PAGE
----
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Steveg wrote :

That book (Ed. Herron Allen) is best for learning the mechanics and techniques used for building violins by hand, Combined with the construction methods described in Bachman's book, you will get a feel for what really goes into the instrument.

I have just read both books from cover to cover and was struck by the similarity between them when discussing construction of a violin.

I accepted this as a common, since both authors were describing the same actions.

If anyone has them to hand, compare the illustrations of the bows. In the Bachmann book they have made use of the exact artwork - only mirror imaged and of a slightly lesser sharpness.

The Allen was published in 1885 and the Bachmann in 1925. In the forward of the Bachmann credit is given to F.H. Martens for translation. Assuming that whole excerpts of Allens book were translated into some other language, published by Bachmann 40 years after Allen and then translated back into English it is hardly surprising that one had a feeling of deja vu when reading B after A.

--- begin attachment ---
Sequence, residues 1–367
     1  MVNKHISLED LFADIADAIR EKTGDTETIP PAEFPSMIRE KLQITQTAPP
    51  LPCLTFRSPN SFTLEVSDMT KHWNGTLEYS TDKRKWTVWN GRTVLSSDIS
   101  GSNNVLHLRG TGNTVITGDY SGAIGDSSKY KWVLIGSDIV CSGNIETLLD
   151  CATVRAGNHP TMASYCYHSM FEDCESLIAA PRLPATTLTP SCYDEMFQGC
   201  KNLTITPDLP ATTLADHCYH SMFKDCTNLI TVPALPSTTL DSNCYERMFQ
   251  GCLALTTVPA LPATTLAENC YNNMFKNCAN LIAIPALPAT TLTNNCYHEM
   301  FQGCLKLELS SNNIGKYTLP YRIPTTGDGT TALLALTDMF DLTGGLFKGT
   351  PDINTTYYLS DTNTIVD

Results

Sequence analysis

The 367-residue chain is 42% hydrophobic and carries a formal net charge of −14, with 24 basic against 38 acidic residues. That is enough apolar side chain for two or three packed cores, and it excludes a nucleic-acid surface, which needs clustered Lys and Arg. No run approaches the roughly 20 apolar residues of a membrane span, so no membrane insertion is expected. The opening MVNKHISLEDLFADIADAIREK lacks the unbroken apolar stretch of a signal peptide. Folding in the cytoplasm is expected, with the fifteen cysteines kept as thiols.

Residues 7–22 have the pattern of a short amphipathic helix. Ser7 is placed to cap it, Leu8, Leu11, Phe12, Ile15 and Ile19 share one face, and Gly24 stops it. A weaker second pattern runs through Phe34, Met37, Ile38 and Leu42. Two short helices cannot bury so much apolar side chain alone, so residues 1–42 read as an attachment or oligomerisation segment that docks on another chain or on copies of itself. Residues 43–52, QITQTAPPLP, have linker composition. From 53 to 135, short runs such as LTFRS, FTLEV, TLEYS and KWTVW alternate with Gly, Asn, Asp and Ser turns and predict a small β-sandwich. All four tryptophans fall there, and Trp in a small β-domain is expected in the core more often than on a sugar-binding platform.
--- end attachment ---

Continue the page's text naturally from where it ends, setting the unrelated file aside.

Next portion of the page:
Thanks to them both.

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Then, the abrupt arching attributed to Stainer is nothing like he made....but a gross distortion...like a bath tub!

Oh dear...so is that 'bath-tub' shape another case of misunderstanding, then? Like the German makers who got confused about Maggini scrolls because (I suppose) they'd never actually seen one in the flesh, as it were, and so did one more twist instead of one fewer?

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Hi Edi:

Most all of the listings of violin makers are derived from Lugendorf(sp?)...who also borrowed from those before him. The people who compiled "new" lists included more makers. William Henley, Vannes and most of the rest, including Jalovec, copied the mistakes as well as the factual information. Unfortunately lots of folks consider these writings as gospel. Read Vannes (in French) and compare the listing wordings to Lugendorf (in German) and you find them identical...almost....and the same thing repeated in Henley's dictionary. Fun, eh?